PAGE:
Finding injured or orphaned wildlife is common in Mississippi, and local resident, Hayden Burns, is giving them a second chance.
“There wasn’t really anywhere close-by where people could take injured and orphaned wildlife animals, and it’s illegal in Mississippi to care for them yourself,” said Burns.
Through her organization called the Central Mississippi Wildlife Rehabilitation Center, Burns is helping these animals get back on track and takes them through a process that releases them back into the wild.
“Once they’re at an age where we can take them off the bottle, they are moved outside into the pre-release enclosure, where we limit their human contact.”
She says these animals usually become injured or orphaned due to humans.
“A lot of the mothers are hit by cars. A lot of the mothers are killed by dogs, cats, and people.”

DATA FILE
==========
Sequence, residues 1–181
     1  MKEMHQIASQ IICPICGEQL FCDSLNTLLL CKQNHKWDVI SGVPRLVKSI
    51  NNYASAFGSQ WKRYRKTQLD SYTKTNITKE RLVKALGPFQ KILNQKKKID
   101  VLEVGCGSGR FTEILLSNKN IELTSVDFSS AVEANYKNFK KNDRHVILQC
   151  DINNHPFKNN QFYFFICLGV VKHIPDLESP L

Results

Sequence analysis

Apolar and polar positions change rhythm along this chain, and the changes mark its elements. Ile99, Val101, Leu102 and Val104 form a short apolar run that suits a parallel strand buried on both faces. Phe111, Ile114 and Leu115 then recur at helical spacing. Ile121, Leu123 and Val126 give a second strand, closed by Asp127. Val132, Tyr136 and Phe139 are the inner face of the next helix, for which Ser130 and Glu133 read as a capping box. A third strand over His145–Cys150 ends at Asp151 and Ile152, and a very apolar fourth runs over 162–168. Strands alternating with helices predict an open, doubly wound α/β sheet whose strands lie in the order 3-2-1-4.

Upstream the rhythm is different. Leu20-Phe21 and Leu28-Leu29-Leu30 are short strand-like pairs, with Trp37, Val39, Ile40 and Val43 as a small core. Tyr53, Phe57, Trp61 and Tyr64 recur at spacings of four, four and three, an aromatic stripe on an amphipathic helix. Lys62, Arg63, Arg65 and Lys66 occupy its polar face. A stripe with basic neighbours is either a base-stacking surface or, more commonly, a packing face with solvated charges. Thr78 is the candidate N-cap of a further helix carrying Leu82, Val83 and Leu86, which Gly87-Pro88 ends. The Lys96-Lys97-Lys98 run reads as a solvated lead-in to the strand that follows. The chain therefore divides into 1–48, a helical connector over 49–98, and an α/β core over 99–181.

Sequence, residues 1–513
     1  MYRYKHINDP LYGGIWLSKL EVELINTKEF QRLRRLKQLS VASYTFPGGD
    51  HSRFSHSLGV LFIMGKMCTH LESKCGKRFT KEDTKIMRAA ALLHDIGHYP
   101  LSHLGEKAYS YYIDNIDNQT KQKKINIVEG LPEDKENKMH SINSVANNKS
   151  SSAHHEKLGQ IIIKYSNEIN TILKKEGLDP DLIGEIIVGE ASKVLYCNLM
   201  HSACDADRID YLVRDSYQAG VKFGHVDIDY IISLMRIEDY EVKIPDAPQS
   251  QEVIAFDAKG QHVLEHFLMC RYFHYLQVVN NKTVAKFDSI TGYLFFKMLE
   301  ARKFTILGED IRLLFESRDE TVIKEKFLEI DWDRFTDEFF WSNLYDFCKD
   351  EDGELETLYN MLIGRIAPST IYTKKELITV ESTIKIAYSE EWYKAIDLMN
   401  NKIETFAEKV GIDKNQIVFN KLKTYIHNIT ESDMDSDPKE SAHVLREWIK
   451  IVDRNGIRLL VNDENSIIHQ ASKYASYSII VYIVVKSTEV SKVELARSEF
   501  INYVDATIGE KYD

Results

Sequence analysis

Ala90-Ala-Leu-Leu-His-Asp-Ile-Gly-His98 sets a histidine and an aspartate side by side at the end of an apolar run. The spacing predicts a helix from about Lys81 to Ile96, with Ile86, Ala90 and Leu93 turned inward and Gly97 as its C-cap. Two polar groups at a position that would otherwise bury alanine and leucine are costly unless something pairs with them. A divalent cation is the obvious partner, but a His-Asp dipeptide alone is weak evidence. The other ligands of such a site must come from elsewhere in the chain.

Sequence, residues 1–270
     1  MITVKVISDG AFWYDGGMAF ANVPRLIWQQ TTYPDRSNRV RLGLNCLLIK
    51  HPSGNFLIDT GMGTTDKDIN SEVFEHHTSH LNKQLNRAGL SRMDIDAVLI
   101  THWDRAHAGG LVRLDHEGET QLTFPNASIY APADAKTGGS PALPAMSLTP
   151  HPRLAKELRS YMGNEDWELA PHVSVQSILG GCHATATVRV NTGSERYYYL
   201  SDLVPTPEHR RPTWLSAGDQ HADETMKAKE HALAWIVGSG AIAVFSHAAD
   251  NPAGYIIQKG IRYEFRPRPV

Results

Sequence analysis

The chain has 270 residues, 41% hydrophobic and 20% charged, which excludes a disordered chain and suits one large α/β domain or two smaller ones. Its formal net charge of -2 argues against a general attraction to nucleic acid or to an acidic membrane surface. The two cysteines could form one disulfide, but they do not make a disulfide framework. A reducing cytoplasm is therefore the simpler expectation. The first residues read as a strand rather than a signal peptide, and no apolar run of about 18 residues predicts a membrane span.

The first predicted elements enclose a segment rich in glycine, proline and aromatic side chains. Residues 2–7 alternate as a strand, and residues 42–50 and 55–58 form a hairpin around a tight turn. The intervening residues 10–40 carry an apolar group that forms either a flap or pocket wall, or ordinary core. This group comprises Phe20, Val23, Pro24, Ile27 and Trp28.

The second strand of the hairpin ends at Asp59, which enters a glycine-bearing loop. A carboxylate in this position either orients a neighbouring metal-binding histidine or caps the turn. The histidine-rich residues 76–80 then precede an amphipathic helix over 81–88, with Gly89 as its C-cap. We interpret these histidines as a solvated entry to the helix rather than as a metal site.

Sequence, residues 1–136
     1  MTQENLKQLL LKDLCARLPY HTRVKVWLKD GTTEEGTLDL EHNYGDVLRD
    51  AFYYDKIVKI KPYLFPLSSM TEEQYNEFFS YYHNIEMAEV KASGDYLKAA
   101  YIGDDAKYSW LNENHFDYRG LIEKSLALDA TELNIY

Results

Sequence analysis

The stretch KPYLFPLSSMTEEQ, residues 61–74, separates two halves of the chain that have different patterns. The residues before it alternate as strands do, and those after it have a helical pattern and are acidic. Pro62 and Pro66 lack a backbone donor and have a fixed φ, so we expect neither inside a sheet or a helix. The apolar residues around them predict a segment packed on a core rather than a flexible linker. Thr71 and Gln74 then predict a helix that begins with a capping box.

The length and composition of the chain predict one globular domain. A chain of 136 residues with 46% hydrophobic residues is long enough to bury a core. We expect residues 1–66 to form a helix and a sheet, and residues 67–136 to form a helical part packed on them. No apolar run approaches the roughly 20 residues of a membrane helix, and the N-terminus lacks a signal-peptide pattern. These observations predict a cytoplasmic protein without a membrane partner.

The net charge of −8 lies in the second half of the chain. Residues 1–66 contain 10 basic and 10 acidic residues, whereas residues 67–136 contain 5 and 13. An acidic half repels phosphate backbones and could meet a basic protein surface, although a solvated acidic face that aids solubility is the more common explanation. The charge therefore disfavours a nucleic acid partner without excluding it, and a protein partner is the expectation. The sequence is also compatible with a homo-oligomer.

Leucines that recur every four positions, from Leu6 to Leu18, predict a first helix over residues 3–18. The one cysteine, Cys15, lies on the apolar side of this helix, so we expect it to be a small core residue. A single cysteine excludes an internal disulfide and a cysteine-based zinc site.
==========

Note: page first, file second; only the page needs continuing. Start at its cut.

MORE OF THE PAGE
Although they may be small and cuddly, Burns says these animals are not pets.
“Even though when they’re babies and sweet and cute, they do grow up. They bite. They can severely hurt you, and they also carry a lot of diseases.”
Therefore, she says if you can across an animal that needs help, you can bring it to the shelter.
She adds what you can do to keep these animals safe.
“For any pets that you have, get their food in at night. That way you’re not inviting these wildlife animals into your yard. That will prevent them from becoming a nuisance to you.”
The Central Wildlife Rehabilitation Center needs volunteers. If you wish to help feed these wildlife animals and clean their cages, the state requires you to attend training. The center will host the next volunteer training at the beginning of next year.